author = "Fagbamigbe, {Adeniyi F.} and Akinyemi, {Joshua O.} and Adedokun, {Babatunde O.} and Bamgboye, {Elijah A.}",
year = "2011",
month = "12",
day = "21",
doi = "10.1186/1742-6405-8-44",
language = "English",
volume = "8",
journal = "AIDS Research and Therapy",
issn = "1742-6405",
publisher = "BioMed Central",

}

Gender variation in self-reported likelihood of HIV infection in comparison with HIV test results in rural and urban Nigeria. / Fagbamigbe, Adeniyi F.; Akinyemi, Joshua O.; Adedokun, Babatunde O.; Bamgboye, Elijah A.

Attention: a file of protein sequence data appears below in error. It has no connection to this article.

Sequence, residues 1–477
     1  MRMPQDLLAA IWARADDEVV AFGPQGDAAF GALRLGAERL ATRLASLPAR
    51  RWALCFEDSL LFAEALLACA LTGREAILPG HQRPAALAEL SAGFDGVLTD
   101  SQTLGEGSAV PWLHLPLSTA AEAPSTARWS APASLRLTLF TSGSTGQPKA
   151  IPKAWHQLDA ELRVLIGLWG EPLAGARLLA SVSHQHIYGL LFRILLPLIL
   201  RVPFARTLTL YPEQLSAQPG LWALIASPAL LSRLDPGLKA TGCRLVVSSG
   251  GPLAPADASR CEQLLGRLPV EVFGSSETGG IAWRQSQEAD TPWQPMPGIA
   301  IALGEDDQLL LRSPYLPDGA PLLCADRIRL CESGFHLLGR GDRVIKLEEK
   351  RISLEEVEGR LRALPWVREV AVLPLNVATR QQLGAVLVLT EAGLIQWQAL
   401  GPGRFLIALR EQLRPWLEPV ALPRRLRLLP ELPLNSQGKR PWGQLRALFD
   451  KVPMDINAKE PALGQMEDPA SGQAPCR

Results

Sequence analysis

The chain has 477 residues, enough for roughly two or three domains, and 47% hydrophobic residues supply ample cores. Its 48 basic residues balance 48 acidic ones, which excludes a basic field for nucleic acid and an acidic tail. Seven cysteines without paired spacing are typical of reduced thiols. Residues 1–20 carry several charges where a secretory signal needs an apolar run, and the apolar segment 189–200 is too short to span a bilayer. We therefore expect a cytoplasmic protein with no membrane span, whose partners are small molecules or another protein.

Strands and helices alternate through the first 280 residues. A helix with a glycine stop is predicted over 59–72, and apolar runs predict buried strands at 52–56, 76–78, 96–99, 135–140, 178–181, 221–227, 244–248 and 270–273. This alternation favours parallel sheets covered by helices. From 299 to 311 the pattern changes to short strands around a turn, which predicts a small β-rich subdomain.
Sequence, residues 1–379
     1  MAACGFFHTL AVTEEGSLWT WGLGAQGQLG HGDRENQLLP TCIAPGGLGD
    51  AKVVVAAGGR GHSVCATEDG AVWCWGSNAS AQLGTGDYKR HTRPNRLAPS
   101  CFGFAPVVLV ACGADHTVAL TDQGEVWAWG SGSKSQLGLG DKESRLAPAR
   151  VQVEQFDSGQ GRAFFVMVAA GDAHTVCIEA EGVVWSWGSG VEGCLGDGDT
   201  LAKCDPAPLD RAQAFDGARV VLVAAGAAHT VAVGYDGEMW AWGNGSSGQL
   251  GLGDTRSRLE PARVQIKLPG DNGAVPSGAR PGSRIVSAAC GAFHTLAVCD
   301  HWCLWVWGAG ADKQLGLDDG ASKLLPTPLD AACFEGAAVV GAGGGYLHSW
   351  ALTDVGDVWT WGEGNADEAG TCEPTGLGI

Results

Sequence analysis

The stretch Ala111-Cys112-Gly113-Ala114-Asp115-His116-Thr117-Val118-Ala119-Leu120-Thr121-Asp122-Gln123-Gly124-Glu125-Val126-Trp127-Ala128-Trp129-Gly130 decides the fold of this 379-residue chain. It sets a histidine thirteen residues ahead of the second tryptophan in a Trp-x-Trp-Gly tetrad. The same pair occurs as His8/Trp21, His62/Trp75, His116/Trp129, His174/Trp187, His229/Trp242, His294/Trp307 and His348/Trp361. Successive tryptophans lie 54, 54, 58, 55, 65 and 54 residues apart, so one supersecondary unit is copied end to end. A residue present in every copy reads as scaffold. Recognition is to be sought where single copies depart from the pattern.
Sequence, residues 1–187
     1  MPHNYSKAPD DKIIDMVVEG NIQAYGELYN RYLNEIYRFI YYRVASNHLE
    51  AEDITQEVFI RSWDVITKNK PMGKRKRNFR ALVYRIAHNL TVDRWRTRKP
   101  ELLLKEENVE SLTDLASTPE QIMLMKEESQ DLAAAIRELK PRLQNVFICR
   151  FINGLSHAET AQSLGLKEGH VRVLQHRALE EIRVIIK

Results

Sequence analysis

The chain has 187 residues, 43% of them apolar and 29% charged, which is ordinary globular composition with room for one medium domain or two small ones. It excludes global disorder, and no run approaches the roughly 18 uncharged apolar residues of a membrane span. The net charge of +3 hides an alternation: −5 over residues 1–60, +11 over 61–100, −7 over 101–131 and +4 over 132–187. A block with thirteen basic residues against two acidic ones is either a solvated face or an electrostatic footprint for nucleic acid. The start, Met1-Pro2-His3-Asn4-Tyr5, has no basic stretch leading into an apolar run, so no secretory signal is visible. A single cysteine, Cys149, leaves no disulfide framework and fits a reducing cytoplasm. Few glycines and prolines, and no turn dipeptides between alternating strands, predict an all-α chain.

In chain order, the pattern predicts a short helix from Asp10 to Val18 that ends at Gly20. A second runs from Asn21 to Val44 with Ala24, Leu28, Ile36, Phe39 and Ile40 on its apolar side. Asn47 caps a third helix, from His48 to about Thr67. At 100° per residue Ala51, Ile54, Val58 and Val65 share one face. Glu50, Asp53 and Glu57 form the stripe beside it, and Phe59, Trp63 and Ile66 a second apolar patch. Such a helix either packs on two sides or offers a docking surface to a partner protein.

In: AIDS Research and Therapy, Vol. 8, 44, 21.12.2011.

Research output: Contribution to journalArticle

TY - JOUR

T1 - Gender variation in self-reported likelihood of HIV infection in comparison with HIV test results in rural and urban Nigeria

AU - Fagbamigbe, Adeniyi F.

AU - Akinyemi, Joshua O.

AU - Adedokun, Babatunde O.

AU - Bamgboye, Elijah A.

PY - 2011/12/21

Y1 - 2011/12/21